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Retaliation Redefined

Beth, a mother of two young children, files a sexual harassment claim with the EEOC, claiming her supervisor propositioned her. A few days later, the company changes her work hours from 8 a.m. - 4 p.m. to noon - 8 p.m. as part of a department reorganization. Her job duties, pay and benefits, though, remain the same. Beth amends her complaint, claiming the new schedule is punishment for her harassment charge.

Based on a recent Supreme Court ruling in Burlington Northern & Santa Fe Railway Co. v. Sheila White, this hypothetical story could end with a hefty jury award for Beth. The High Court decision is expected to have a profound impact on employers by expanding the scope of actions subject to Title VII retaliation claims beyond what had been allowed in most Circuits, including actions that affect an employee off the job. Instead of establishing the clear standard employers had hoped for, the justices said that courts must view each case through the lens of the complainant.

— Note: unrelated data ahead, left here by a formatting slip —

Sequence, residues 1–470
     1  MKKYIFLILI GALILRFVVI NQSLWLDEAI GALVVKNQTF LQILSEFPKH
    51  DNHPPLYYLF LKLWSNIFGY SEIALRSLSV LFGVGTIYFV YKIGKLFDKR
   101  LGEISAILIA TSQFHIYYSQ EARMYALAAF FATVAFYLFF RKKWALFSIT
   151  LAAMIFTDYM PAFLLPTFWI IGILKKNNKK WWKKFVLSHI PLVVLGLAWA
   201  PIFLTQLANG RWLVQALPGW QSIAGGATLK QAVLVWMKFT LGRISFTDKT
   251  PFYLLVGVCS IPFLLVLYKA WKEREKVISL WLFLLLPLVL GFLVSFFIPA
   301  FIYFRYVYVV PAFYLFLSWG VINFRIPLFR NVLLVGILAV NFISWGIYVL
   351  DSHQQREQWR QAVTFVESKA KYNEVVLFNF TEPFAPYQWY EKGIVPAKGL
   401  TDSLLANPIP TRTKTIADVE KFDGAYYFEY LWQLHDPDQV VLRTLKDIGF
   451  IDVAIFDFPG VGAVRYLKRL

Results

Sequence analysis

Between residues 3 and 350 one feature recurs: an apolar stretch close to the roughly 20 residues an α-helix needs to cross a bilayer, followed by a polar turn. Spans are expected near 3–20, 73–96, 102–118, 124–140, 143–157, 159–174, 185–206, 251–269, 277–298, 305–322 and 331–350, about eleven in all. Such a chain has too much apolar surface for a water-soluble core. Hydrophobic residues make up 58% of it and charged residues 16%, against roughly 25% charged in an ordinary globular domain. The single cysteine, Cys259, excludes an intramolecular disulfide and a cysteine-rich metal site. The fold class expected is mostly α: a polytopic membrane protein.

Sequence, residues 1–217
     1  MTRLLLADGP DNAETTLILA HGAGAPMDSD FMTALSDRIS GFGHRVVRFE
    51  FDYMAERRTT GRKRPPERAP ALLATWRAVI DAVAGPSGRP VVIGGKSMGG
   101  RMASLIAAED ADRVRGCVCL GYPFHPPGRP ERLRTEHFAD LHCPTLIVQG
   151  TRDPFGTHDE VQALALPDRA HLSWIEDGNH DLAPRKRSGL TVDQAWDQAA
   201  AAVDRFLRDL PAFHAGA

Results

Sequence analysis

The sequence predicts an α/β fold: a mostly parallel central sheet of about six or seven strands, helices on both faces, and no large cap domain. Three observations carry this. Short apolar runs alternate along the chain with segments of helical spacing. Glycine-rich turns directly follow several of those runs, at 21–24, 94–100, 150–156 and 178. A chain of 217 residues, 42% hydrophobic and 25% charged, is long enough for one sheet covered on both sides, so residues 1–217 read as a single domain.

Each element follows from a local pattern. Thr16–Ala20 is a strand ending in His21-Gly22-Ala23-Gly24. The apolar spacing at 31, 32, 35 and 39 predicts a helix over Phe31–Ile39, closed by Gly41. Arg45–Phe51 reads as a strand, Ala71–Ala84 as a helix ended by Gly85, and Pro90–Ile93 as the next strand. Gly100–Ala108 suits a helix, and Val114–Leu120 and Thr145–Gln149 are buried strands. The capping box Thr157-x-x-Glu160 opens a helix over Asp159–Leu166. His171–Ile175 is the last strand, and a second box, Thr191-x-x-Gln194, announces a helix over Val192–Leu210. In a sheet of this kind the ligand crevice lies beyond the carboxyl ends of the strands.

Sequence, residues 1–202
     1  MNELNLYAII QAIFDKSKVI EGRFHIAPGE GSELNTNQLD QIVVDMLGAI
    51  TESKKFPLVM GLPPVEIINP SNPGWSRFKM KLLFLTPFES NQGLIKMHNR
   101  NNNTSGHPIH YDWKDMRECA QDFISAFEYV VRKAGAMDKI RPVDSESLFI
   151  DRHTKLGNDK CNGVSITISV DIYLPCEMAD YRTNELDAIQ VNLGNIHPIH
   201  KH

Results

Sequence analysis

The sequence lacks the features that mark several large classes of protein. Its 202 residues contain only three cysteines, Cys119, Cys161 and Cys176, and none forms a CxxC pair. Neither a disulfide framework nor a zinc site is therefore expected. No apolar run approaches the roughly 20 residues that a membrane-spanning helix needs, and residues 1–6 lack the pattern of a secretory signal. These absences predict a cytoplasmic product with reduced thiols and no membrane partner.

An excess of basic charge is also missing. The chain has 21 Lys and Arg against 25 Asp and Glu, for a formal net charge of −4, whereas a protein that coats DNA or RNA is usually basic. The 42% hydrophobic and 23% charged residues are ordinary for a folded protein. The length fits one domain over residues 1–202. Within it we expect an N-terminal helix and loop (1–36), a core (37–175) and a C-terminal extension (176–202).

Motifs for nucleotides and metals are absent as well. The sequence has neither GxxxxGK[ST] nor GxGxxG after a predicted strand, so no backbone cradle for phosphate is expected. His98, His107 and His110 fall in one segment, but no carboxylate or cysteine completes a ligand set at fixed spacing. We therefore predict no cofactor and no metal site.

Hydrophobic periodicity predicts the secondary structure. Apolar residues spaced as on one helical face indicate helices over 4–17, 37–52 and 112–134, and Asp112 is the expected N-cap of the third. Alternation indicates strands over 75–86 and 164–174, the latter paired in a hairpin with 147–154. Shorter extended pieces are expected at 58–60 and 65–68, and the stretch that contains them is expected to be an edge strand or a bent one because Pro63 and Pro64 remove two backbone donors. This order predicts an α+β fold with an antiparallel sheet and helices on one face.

The Court rejected the notion that employers can avoid retaliation claims by writing a check for back pay.

"I don't know that the Supreme Court had ever said definitively that even if the employer makes you whole, you can still get compensatory damages," says Peter Donati, partner in Levenfeld Pearlstein in Chicago. "Now this question has been answered."

Bright Spots

According to Weitzman, there are some bright spots for in-house counsel because the Court specified that "petty slights, minor annoyances and simple lack of good manners" by the employer do not constitute retaliatory behavior. The Court differentiated between a supervisor not inviting an employee out to lunch (a petty slight) and excluding an employee from a lunch that includes a training program (an action causing material harm).

Senior Editor

Mary Swanton

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